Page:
Approaching the ICD-10 Implementation with Confidence

Date: July 24, 2015 | By: Mary Jean Sage

Here are 11 tips to ensure your practice will be on track for a successful ICD-10 transition come Oct. 1, 2015 and beyond.

The deadline for implementing ICD-10 is rapidly approaching.  Providers and practices should be preparing for the transition and approaching the implementation with confidence. They should be doing this even with the recent announcement from CMS on creating a one-year grace period, allowing for flexibility in the claims auditing and quality reporting process during the transition.  Addressing the following 11 steps will help assure your practice will be on track for a successful transition on Oct. 1, 2015 and going forward:


Review the major differences between ICD-9 and ICD-10 and how those differences will affect a clinician’s specialty as well as your organization as a whole. Reviewing the “Official Guidelines for Coding and Reporting” for ICD-10 is a good starting point.


Include staff from the administrative and clinical sides of your practice and divide up the work that needs to be accomplished. Make sure you communicate the changes required by ICD-10, both from a workflow standpoint as well as clinical documentation.


Consider all the different systems you use, the organizations you exchange data with, as well as what electronic and paper-based workflow processes you use that drive clinical encounters and the billing process.  Make sure all of these are updated and/or modified appropriately for ICD-10 compatibility.


Ask vendors about any needed upgrades to use ICD-10, what training (if any) will be needed, and cost estimates. Don’t forget to ask about the ability to concurrently use ICD-9 and ICD-10 and how long you’ll have the ability to do that.


Make sure you consider software and hardware upgrades, education and training costs, the cost of temporary staff during transition should it be needed, changes to printed materials, additional time for documentation review, and the cost of lost coder, clinical and/or revenue cycle staff productivity.


Ask if all their upgrades to accommodate ICD-10 have been completed and if they haven’t, when they will be. Also ask how they (the clearinghouse and health plans) will help your practice with the transition, when can you test claims and other transitions with ICD-10 codes, and whether they provide a list of any data content changes needed. Don’t forget to ask the health plans when they expect to announce their revised ICD-10-related coverage/payment changes.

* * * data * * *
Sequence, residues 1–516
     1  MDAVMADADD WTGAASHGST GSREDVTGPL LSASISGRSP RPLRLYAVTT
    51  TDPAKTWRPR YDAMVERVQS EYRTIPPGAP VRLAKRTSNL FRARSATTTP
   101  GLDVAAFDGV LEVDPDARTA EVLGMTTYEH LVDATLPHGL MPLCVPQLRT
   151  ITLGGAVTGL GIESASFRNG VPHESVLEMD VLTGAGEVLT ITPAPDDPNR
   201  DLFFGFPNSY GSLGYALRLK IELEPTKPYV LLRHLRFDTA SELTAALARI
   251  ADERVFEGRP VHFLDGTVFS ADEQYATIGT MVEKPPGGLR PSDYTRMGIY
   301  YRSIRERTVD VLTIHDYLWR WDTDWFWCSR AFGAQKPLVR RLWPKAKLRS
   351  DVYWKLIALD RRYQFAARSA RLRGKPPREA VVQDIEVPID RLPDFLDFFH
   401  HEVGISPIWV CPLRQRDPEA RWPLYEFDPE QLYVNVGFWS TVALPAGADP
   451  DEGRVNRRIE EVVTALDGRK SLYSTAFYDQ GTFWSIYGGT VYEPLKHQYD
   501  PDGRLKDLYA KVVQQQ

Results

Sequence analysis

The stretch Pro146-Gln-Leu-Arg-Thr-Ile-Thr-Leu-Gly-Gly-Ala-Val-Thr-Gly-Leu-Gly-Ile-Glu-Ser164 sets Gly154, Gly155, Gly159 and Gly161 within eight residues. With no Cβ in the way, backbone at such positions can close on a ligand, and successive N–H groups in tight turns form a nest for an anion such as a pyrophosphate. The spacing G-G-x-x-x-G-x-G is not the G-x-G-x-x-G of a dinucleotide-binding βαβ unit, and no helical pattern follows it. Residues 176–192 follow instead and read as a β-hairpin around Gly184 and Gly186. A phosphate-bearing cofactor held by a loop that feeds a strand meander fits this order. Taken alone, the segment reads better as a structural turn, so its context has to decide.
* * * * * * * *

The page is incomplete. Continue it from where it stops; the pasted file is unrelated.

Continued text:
This may be one of the most challenging aspects of ICD-10.  Identify potential documentation issues by beginning to crosswalk ICD-9 codes to ICD-10 codes. The goal should be to identify any gaps in the documentation that prevent a coder from selecting the appropriate ICD-10 code.


Identify your education needs. While everyone will need to be trained, not everyone will need to be trained at the same level. Identify who should be trained on what.  You will also need to identify the best training mode for each group and the timeframe for providing that training.


Testing is critical to success with implementation.  Plan for both internal and external testing.  This will need to be scheduled, so begin the planning now.


Every practice needs to plan for decreased staff productivity and prepare for the possibilities of other financial challenges during the initial implementation period. You should set aside some cash reserves for the practice. It may also be wise to consider establishing a line of credit.

Preparing now for the transition to ICD-10 will help ease the burden of compliance on Oct. 1, 2015 and assure you will not have a major disruption in your practice revenue.


Make sure you familiarize yourself with the new grace period rules, including some key points below. CMS also announced the establishment of a communication center and an ICD-10 ombudsman to help receive and triage physician and provider issues.

Medicare contractors will not deny claims based solely on the specificity of the ICD-10 diagnosis code as long as a valid code from the right family of ICD-10 codes is used. Moreover, physicians will not be subject to audits as a result of ICD-10 coding mistakes during this one-year period.

Physicians will not be penalized under the various CMS quality reporting programs for errors related to the additional specificity of the ICD-10 codes, again as long as a valid ICD-10 code from the right family of codes is used.

If Medicare contractors are unable to process claims within established time limits because of ICD-10 administrative problems, such as contractor system malfunction or implementation problems, CMS may in some cases authorize advance payments to physicians.